International Competitiveness in Electronics

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This assessment continues the Office of Technology Assessment's (OTA) exploration of the meaning of industrial policy in the United States context, while also examining the industrial policies of several U.S. economic rivals. The major focus is on electronics, an area which virtually defines "high technology" of the 1980's. The assessment sets the characteristics of the technology itself alongside other forces that exert major influences over international competitiveness. Specific areas addressed include: electronics technology; structure, trade, and competitiveness in the international electronics industry; quality, reliability, and automation in manufacturing; role of financing in competitiveness and electronics; human resources (education, training, management); employment effects; national industrial policies; and U.S. trade policies and their effects. The report concludes by outlining five options for a U.S. industrial policy, drawing on electronics for examples of past and prospective impacts, as well as on OTA's previous studies of the steel and automotive industries. A detailed summary and introductory comments are included. Also included in appendices are case studies in the development and marketing of electronics products, a discussion of offshore manufacturing, and a glossary of terms used in the assessment. (JN)
 

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Page 392 - P-1271, May 1977, p. 3. The percentage has thus been falling more or less steadily for many years. "Asher and Strom, op. cit.; JM Utterback and AE Murray, "The Influence of Defense Procurement and Sponsorship of Research and Development on the Development of the Civilian Electronics Industry," report CPA-77-5, Center for Policy Alternatives, Massachusetts Institute of Technology, June 30, 1977. The wholesale changes in US tax policy embodied in ERTA have affected all industries; perhaps most significant...
Page 256 - US Department of Commerce, International Trade Administration, A Historical Comparison of the Cost of Financial Capital in France, the Federal Republic of Germany, Japan, and the United Slates. April 1983. 12. Richard R. Ellsworth, Capital markets and competitive decline.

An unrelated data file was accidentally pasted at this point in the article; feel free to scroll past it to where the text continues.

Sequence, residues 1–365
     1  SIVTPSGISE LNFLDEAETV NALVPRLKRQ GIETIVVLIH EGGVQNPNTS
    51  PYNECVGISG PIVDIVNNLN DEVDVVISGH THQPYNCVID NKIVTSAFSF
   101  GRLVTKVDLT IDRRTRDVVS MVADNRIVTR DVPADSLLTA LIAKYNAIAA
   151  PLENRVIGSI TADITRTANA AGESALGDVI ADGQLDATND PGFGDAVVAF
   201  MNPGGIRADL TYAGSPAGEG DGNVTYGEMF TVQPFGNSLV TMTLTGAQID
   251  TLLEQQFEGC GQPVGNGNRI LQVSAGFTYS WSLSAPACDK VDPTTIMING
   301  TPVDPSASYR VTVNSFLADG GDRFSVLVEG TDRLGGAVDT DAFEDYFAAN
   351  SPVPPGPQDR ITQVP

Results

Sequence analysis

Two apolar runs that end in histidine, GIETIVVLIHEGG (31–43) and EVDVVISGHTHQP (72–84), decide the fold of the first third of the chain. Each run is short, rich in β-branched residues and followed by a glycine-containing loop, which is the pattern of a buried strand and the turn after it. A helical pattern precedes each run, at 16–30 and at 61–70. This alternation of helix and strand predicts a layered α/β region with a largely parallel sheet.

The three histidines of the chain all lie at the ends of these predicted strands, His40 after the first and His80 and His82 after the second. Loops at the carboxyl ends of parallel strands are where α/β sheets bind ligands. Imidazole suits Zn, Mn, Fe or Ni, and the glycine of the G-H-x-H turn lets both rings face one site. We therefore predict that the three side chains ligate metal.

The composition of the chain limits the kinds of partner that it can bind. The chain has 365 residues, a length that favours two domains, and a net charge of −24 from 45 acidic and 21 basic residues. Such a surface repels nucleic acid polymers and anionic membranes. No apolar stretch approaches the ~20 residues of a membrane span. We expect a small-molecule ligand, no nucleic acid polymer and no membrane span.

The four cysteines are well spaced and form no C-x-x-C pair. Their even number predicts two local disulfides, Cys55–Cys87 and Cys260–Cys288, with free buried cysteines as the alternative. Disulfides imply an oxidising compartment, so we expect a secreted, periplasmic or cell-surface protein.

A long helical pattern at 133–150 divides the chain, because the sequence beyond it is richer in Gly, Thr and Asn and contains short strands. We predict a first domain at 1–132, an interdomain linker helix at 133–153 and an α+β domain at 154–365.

Page 19 - The dynamic of international competitiveness is continuous, and calls for a continuing series of policy responses. People can and will argue endlessly about the successes and failures of industrial policies in other countries, but the primary lesson to be drawn from foreign experience is simply this: industrial policy making is a continuing activity of governments everywhere. In the United States, industrial policy has been left mostly to the random play of events. Improvement is clearly possible;...
Page 506 - means the European Economic Community, the European Coal and Steel Community and the European Atomic Energy Community;
Page 392 - M *Mn Assessment of the Impact of the Department of Defense Very-High-Speed Integrated Circuit Program, op. cit.. pp. 20-22. For purposes of this rough comparison. R&D related to ICs can be taken as equivalent to R&D related to microelectronics. The Federal contribution includes work performed in Government laboratories, but this accounts for less than 10 percent of the Evidently, then, the Federal Government contributes something between 5 and 10 percent of the total.
Page 260 - Their aim is to jump directly into large-scale, capital-intensive techniques of production; proceed rapidly down the learning curve; sell at prices lower than those of the rest of the world; and capture most, if not all, of the market. If American industry limits its investments to those that can be financed by retained earnings, they will simply be driven out of the semiconductor industry." See, "Prepared Statement of Dr. Lester C. Thurow...
Page 330 - Center for Quality of Working Life, Institute of Industrial Relations, University of California, Los Angeles, 1982. Participative Mechanisms In the United States...
Page 260 - States where industries operate with low debt to equity ratios and depend upon retained earnings to fuel investment, the shift to the new production processes occurs at a pace that is limited by current profits. But the Japanese are entering this industry with massive amounts of debt capital ultimately lent by the Bank of Japan. Their aim is to jump directly into large scale, capital intensive, techniques of production; proceed rapidly down the learning curve; sell at prices lower than those of the...
Page 9 - What would be the implications of a decision to pursue a more coherent industrial policy in the United States? First and foremost, that to automatically equate "industrial policy" with a greater degree of Government involvement in the economy is to view the matter from an arbitrarily narrow perspective. Industrial policy does not have to run counter to efforts to "get Government off the backs of business. " Rather, it should be construed as an effort to make the inevitable — indeed oftentimes desirable...
Page 394 - See US Industrial Competitiveness: A Comparison of Steel. Electronics, and Automobiles, op. cit., pp.

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